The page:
# How long does a bullet take to hit the ground?

After it leaves a horizontal gun, how long does a bullet take to reach the ground?
02 November 2008

## Question

My question is about rifles and bullets. Some scientific friends of mine assured me that a bullet fired from a rifle held horizontally will hit the ground at exactly the same time as a bullet from a rifle held vertically, pointing downwards. Fair enough, I’m a linguist. I was rotten at science but that seems to defy common sense.

Dave - This is a mangling of quite a famous experiment. What the actual thing they should have told you is that if you fire a rifle horizontally and "drop" a similar bullet from the same height as the gun and at the same time as you fire the gun, then they'll both hit the ground at the same moment.

Chris - So you've got a bullet in one hand, rifle in the other. You fire the gun at the same moment you let go of another bullet from your hand. The two bullets should actually hit the ground...

Dave - At exactly the same time. If there's no air resistance, basically how fast you're going horizontally has no relationship to how fast you accelerate downwards. The bullet which is moving from the gun and the one which is dropped both accelerate downwards under the influence of gravity at exactly the same speed. So they'll both hit the ground at the same time. If you take a gun and fire it straight downwards then the bullet's going to come out of the gun at several hundred metres per second. That means it's going to hit the ground far quicker than the one you fire horizontally!

Chris - We did an amazing experiment at school, which I remember to this day, which shows how good this experiment was: the monkey and hunter experiment. We had a sort of blow-pipe with tin-foil across the end of the blow pipe; this was making an electrical contact to an electro-magnet that was holding up a tin can at a distance.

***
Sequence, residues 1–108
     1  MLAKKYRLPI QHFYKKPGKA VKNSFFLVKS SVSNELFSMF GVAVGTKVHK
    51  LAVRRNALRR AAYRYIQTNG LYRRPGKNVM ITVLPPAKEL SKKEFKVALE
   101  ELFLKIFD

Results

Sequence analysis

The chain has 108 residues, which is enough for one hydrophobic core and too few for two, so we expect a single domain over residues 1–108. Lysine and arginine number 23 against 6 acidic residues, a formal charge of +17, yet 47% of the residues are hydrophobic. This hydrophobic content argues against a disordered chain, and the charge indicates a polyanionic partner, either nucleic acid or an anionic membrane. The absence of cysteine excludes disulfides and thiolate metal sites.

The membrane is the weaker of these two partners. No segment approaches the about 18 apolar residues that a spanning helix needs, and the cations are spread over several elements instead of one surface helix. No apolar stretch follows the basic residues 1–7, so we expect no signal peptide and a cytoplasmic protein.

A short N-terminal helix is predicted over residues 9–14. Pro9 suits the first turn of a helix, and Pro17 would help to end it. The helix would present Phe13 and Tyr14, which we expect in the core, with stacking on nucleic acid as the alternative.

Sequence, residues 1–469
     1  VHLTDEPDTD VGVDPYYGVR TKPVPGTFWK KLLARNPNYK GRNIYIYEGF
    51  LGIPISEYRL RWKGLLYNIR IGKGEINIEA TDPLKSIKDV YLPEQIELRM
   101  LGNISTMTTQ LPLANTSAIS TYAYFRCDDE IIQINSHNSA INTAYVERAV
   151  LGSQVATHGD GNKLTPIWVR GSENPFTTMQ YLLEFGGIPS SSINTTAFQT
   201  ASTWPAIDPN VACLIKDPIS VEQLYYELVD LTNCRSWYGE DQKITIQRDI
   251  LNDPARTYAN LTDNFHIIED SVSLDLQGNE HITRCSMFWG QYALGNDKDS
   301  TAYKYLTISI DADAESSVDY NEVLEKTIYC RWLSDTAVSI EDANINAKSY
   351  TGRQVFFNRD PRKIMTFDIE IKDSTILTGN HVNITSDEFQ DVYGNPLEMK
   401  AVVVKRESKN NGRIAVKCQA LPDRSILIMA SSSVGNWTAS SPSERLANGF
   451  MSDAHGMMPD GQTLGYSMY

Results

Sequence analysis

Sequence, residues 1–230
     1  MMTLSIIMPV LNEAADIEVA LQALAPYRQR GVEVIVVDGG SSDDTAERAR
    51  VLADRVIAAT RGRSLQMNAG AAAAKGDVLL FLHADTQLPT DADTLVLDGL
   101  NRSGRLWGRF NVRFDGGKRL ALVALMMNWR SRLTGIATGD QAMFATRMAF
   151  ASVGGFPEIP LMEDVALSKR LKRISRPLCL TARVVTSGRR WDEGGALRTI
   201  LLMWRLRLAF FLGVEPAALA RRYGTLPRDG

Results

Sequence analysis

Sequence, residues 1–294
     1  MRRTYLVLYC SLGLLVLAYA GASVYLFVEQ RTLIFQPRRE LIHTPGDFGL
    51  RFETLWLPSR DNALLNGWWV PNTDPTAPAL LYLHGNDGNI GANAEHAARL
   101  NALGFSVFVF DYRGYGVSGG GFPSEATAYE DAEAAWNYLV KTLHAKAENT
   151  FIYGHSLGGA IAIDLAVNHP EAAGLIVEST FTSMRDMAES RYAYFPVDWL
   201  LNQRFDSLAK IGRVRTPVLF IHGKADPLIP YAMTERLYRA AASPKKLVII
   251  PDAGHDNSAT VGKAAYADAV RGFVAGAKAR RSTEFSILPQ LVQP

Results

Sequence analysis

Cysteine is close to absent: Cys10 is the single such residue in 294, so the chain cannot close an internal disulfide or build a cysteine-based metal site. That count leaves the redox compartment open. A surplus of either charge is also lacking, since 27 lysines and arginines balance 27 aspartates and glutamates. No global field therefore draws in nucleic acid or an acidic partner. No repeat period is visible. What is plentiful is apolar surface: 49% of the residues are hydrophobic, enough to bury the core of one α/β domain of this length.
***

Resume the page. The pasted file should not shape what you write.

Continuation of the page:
A ball bearing was put into the glass tube. You blow down the glass tube so the ball bearing leaves the blow pipe, breaking the piece of foil in the process. This cuts the supply to the electromagnet. The tin can then starts to fall at exactly the same rate as the ball bearing leaves the tube. If all things are equal, i.e. the can is being accelerated down by gravity at the same rate as the ball bearing is being accelerated down by gravity the two will hit each other. And they always do!

It's called the monkey and hunter experiment because the idea is that the monkey is dangling in the distance on a tree and the hunter fires the gun. Assuming it takes no time for the sound of the gun discharging to reach the monkey, the monkey lets go of the tree and starts to drop at the same moment that the bullet leaves the gun. Therefore the bullet's falling and the monkey's falling and they should still reach each other. It's a very elegant way of explaining it!